Following approval by the Central Archaeological Council, the ancient theatre of Dodoni is to be restored after ten years of being closed to the public.

Dodoni, located south of the city of Ioannina in Epirus, was renowned for the Dodoni Sanctuary, a place of great religious importance to the ancient Greek world, and the second most important oracle sanctuary after Delfi.

The theatre was initially an integral part of the sanctuary and had been destroyed and rebuilt twice, since the sanctuary’s destruction in 219 BC. Dating back to the third century BC, the theatre features a huge cave shaped into a natural cavity at the foot of Tomaros Mountain.The theatre underwent alterations during Roman times, to be transformed into an arena.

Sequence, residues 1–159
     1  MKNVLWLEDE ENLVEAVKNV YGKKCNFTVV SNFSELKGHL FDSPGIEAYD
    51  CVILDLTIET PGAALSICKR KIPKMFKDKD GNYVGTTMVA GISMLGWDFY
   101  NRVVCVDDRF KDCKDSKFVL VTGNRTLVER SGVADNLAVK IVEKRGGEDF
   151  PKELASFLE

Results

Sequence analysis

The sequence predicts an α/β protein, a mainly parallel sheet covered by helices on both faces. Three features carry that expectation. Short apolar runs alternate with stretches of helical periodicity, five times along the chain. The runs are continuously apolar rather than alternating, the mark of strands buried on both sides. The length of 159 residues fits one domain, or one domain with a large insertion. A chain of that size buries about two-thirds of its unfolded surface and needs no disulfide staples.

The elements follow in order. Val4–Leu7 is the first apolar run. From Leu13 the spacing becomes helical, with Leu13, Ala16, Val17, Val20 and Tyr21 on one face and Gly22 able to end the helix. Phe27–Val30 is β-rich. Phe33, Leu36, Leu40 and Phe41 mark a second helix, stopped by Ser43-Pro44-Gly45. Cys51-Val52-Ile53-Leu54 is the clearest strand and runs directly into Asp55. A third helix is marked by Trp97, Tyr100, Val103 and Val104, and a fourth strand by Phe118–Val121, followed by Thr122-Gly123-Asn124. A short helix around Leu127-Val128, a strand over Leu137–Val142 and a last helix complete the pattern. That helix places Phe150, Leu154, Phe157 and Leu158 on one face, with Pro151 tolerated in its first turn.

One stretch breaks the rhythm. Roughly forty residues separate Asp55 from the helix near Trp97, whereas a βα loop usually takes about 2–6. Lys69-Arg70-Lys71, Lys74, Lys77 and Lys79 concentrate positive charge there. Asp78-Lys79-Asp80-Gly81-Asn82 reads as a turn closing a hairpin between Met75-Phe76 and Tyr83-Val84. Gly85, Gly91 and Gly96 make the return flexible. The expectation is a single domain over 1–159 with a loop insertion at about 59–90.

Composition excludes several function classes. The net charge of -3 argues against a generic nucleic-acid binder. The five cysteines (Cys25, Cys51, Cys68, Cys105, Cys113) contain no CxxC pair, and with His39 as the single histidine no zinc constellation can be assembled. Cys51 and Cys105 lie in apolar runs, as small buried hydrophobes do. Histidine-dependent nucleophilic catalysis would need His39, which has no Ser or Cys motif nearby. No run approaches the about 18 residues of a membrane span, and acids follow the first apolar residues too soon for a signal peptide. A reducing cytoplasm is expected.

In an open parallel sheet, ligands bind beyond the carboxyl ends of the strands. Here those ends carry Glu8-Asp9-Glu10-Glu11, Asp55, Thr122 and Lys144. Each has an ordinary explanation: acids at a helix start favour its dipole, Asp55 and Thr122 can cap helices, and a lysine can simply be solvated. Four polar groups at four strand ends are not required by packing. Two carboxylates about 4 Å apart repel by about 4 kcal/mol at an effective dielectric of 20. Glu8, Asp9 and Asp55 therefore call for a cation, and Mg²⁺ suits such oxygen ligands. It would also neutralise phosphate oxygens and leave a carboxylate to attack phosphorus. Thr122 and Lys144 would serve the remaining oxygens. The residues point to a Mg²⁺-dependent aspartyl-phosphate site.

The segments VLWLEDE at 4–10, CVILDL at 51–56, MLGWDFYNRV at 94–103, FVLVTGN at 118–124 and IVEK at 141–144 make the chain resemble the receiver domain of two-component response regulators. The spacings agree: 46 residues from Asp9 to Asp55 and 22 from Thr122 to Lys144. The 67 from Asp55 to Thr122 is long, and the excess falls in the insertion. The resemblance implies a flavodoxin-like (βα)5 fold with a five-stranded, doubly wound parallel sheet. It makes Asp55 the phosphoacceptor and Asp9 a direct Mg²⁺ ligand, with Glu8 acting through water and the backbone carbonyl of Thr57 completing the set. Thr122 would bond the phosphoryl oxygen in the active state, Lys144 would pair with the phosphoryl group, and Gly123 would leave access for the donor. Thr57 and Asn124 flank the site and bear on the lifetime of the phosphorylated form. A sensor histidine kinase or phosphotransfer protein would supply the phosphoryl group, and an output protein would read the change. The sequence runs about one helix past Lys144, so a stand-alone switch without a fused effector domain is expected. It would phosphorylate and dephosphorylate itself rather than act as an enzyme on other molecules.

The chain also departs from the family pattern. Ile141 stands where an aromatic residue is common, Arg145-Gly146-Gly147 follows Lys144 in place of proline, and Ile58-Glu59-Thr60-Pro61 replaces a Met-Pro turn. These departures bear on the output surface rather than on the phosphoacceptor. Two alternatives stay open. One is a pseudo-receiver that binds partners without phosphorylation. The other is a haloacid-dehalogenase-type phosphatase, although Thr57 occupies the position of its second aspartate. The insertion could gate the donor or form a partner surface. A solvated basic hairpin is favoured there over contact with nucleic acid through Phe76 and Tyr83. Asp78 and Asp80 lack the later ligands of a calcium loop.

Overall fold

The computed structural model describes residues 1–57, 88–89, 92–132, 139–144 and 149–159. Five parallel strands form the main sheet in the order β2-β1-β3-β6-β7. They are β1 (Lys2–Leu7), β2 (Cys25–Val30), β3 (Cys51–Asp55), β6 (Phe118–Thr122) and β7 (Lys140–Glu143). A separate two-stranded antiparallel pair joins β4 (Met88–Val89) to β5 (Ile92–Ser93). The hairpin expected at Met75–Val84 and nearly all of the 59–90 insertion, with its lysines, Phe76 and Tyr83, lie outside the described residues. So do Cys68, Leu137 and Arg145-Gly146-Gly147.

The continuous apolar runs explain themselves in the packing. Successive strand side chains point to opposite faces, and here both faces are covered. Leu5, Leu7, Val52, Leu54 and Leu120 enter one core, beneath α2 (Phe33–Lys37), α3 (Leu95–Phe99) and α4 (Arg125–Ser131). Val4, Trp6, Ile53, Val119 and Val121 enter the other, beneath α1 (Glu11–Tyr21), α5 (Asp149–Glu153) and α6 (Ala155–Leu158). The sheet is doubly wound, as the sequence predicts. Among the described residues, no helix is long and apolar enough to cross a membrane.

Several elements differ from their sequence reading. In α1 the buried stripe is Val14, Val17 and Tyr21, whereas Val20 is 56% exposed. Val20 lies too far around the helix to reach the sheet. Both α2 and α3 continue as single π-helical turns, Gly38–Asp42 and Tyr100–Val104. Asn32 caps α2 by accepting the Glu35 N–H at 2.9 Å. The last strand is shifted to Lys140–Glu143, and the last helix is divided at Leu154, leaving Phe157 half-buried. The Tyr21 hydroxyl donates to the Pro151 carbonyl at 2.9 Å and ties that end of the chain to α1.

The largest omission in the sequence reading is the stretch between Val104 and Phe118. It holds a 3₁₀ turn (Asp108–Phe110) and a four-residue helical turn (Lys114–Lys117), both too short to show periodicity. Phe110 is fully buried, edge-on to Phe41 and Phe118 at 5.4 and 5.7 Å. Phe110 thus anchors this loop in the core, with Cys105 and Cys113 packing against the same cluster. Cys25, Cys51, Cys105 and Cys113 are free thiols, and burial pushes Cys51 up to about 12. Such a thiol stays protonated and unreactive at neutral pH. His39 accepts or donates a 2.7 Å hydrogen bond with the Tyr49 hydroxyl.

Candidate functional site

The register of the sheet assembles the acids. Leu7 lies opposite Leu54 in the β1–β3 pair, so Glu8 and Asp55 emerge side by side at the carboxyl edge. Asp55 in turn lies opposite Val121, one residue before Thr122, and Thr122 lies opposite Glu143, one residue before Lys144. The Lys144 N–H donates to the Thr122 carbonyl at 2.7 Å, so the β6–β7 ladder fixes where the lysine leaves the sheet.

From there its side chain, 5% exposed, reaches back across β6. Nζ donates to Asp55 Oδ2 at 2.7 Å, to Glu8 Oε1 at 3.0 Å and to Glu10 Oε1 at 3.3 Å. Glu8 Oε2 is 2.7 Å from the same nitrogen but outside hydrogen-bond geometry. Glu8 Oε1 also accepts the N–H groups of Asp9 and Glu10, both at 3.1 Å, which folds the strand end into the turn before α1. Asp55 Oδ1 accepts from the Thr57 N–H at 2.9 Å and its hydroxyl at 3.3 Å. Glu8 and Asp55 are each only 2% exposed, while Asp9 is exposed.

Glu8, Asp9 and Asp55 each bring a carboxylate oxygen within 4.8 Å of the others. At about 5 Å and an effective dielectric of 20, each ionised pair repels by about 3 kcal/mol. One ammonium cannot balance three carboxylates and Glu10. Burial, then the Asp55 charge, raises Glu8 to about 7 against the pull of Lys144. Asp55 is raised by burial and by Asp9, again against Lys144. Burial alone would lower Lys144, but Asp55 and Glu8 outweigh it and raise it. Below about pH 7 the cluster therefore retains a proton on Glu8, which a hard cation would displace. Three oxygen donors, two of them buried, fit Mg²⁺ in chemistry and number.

It is among the largest ancient Greek theatres, accommodating about 18,000 spectators. Excavations in the site began in 1875 and continued through to the post-war era, while in 1960 the theatre was fully restored and opened to the public.

However, extreme weather conditions in the Epirus area, as well as three decades of visiting have burdened the monument. Now, after extensive study and a partial  pilot autopsy of  the theatre, restoration works are already under way.